And, while based on latest projections either could still earn a NCAA Tournament bid even without Hoover credentials this year, that isn't a chance Cohen or Coach Mike Bianco want to take. The Bulldogs and Rebels thus both look to upgrade their post-season status and seeding based on this showdown series…and of course earn the annual bragging rights.
So, "I think our kid are really excited about he opportunity to go to Oxford and compete against a very, very good Ole Miss club," Cohen said. "You have to love the matchup. You have to love the opportunity to be on national TV." Game times are 6:36 Thursday for ESPNU telecast; then 7:06 both Friday and Saturday with SportSouth. This series was specifically moved up a day as part of ESPN's larger SEC broadcast contract. The next one, when State hosts LSU, is also Thursday-through-Saturday but as part of the regular last weekend scheduling by the conference begun five years ago.
Either way, Cohen said, "You get two weeks in a row of this schedule which is neat for us."
Scheduling is one thing; succeeding is another. So as the Diamond Dogs practice today the emphasis is on taking as much advantage of this week's opportunity as possible. State should have some good timing on their side thanks to the season-long six game winning streak, four of them SEC victories, they take into Thursday's opener. The Bulldogs kept winning Tuesday night with a 13-3 rout of Mississippi Valley State, a game that Cohen said filled the midweek bill to keep the offense sharp without using any more pitching than necessary.
It was also a good chance to rest, wholly or partially, a few gimpy Dogs. OF Brent Brownlee took the evening off for a knee still sore from a Sunday twisting at Tennessee. Brownlee successfully chased down a gap-ball for a single but has limped a little since. At least this latest injury doesn't seem as serious as Brownlee's previous, and long, list of ailments in three college seasons. "He's just had unbelievably bad luck!" Cohen said. Still the coach expect this Oxford native to play in his home town.
"Because of their left-handed pitching he's going to be a big factor. He keeps battling through it and we know how badly he wants to play." So does SS Jonathan Ogden, who put in a partial-game Tuesday as he copes with an ongoing abdominal muscle pull. State sat the starter in game-two at Knoxville in fact and won with frosh Adam Frazier in the field and at the plate.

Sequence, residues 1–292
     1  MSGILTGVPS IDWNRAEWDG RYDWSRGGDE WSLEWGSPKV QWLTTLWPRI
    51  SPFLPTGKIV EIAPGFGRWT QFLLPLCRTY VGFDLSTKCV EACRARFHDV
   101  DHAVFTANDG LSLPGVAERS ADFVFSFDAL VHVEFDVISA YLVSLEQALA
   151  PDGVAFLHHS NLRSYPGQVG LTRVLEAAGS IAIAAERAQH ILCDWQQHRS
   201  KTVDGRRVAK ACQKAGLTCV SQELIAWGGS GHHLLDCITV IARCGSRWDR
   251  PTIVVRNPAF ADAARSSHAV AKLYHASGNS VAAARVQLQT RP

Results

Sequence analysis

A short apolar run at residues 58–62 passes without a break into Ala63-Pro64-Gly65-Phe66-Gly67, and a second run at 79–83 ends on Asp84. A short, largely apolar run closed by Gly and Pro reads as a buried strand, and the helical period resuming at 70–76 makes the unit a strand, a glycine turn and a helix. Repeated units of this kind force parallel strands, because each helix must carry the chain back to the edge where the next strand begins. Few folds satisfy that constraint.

Cohen won't commit, yet, to a two-on/one-off schedule for his senior shortstop. "A little of that will be the offensive matchup. Day to day we don't know how much pain he's in, at times he'll come up and say he's doing great, and times he says he's struggling. But we've got to manage that because if he's not at his best Frazier is a viable option, especially against right-handed pitching."
The Rebels have had their own injury issues down the SEC stretch. But they got well in a big way over the weekend by taking two-of-three from top-ranked and league-leading South Carolina, particularly by winning Sunday's nailbiter with a run in the ninth inning.
"I think they're feeling good about their club, and rightfully so," Cohen said.
Beyond the rivalry aspect, this year's series pits a pair of clubs with completely contrasting styles. Or at least, that is the popular impression; this week's SEC-only stats reflect surprisingly matched offenses. Through 24 league games each the Rebels bat at a .281 clip, State at .277. The Bulldogs are a bit better getting on-base, .356 to .348. Hits? 231 for Ole Miss, 228 for MSU. And in equal games so far the teams are only one at-bat apart. For the record they have absolutely equal fielding percentages, too.
The great difference is power where Ole Miss slugs the ball at a .425 rate, compared to just .375 by the Bulldogs; and in home runs it is nearly doubled, 26 to 14 in league play. Cohen tried at first this morning to downplay how much the separate ‘styles' vary—"I think it really depends on who is on the mound"—but followed by admitting these are offenses designed around opposing approaches.